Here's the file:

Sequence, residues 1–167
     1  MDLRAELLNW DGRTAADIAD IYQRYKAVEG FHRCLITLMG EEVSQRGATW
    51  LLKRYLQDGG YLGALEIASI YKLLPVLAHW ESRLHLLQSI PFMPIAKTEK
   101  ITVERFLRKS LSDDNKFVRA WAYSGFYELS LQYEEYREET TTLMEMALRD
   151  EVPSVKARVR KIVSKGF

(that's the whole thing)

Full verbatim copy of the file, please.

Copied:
Sequence, residues 1–167
     1  MDLRAELLNW DGRTAADIAD IYQRYKAVEG FHRCLITLMG EEVSQRGATW
    51  LLKRYLQDGG YLGALEIASI YKLLPVLAHW ESRLHLLQSI PFMPIAKTEK
   101  ITVERFLRKS LSDDNKFVRA WAYSGFYELS LQYEEYREET TTLMEMALRD
   151  EVPSVKARVR KIVSKGF